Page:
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A critical examination of how contract law is used by financial institutions operating in multiple jurisdictions.

[Financial institutions operating in multiple jurisdictions are vulnerable to extraterritorial jurisdictional claims, especially under United States anti-money laundering and economic sanctions laws. A survey shows that banks licensed in Australia have revised their standard form contracts so as to reduce the risks arising from the extraterritorial enforcement of foreign laws. Under the new contracts, customers have purportedly consented ex ante to banks supplying confidential information directly to foreign states and agreed to the freezing of their bank accounts based on a possible breach of foreign law. The contractual provisions, are controversial because they circumvent the legal procedures that would otherwise apply in cases of international criminal, civil or regulatory assistance. The legal efficacy and policy implications of the contractual terms are analysed.]

  I Introduction
 II Why Are Multinational Banks Vulnerable?
III Extraterritorial Application of AML and Sanctions Laws
    A Subpoenas over Correspondent Bank Accounts
    B Forfeiture of Monies in Correspondent Bank Accounts
    C Australian AML Rules on Correspondent Banking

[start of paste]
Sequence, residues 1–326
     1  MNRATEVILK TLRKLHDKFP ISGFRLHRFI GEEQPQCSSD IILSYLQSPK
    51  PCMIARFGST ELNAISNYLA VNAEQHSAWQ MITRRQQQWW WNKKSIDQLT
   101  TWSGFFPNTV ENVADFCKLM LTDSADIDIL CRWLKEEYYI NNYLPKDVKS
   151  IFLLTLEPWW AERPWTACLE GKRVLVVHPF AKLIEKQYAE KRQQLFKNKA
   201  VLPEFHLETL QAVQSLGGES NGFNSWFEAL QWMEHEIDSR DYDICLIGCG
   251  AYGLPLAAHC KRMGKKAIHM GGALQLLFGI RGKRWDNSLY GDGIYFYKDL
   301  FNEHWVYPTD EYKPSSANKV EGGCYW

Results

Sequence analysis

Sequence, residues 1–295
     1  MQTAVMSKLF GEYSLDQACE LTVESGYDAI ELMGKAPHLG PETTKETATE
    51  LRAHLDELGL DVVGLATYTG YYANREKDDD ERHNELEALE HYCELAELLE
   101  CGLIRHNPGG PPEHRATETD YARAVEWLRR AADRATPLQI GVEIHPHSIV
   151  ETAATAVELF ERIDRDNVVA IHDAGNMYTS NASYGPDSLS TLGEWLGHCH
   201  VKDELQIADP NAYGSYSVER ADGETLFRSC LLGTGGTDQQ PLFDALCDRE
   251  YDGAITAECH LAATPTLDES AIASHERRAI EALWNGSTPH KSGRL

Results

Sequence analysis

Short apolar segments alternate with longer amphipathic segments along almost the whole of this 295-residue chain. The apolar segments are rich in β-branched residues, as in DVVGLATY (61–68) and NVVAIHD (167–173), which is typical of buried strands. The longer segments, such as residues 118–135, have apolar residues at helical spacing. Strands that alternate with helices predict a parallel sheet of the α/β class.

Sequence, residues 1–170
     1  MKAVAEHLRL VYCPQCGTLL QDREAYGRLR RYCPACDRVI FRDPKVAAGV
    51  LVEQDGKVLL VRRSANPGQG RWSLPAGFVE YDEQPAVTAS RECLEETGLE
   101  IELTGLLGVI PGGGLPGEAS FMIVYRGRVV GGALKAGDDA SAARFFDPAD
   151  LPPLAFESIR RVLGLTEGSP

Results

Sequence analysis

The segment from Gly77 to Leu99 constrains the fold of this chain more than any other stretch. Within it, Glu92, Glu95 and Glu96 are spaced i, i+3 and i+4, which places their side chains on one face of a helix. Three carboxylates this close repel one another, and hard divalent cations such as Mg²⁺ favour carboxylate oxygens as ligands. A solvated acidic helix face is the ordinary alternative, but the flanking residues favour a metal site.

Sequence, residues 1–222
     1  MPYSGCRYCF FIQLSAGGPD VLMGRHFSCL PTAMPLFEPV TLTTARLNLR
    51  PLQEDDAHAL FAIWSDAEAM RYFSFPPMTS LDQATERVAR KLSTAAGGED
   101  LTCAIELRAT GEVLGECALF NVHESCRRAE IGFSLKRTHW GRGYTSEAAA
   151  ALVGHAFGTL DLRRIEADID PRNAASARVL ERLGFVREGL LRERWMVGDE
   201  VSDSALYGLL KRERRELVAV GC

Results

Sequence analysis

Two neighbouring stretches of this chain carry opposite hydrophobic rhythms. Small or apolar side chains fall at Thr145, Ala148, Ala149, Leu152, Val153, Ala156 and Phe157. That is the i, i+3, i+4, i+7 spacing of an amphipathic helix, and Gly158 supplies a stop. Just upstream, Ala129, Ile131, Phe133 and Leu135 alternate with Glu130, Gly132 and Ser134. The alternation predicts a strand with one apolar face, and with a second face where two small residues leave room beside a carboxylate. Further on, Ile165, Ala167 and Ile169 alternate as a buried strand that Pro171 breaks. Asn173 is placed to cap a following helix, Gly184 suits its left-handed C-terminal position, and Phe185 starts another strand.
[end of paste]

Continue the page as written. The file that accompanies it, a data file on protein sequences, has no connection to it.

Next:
D Extraterritorial Application of Sanctions Laws
 IV Standard Bank-Customer Contract Terms
    A Survey of Standard Contract Terms
    B Disclosure of Confidential Information to Foreign Authorities
    C Freezing of Bank Accounts to Assist Foreign Authorities
    D Indemnifying Banks for Customers' Violations of Foreign Law
  V Legal and Policy Efficacy of New Standard Contract Terms
    A Are the Purported Terms Part of the Bank-Customer Contract?
    B Are the Terms Misleading or Deceptive and/or Unfair Terms?
    C Are the Terms Enforceable under Private International Law
    D Are the Terms Objectionable on Grounds of Public Policy?
 VI Conclusion


The extraterritorial application of domestic laws is one of the most important international legal developments in the past 50 years. The extension of local laws to extraterritorial conduct is an inevitable consequence of globalisation. Individuals and businesses are increasingly acting in a global context. The rapid growth of international trade in goods and services and the internationalisation of securities and capital markets continue at breathtaking speed. International banking and multinational banking services are now available not only for wholesale clients but also for retail customers. Technological developments, such as the growth of the internet, have facilitated the globalisation of business. At the same time, crime has become increasingly globalised, particularly the crimes of drug trafficking, money laundering, corruption and fraud. These developments have presented national governments with significant law enforcement and regulatory problems. A legal response to these developments has been the extraterritorial application of domestic laws.

There is a rich resource of academic and practitioner literature on the concept and application of national and international laws governing extraterritorial jurisdiction. David Rivkin, the Chair of the International Bar Association's Legal Practice Division, pointed out in 2008 that:
   Many jurisdictions now apply their laws extraterritorially in a
   myriad of fields, including antitrust, banking, bribery and
   corruption, criminal, insolvency, securities, transport, tax,
   telecommunications, tort, trade sanctions, privacy and human
   rights. (1)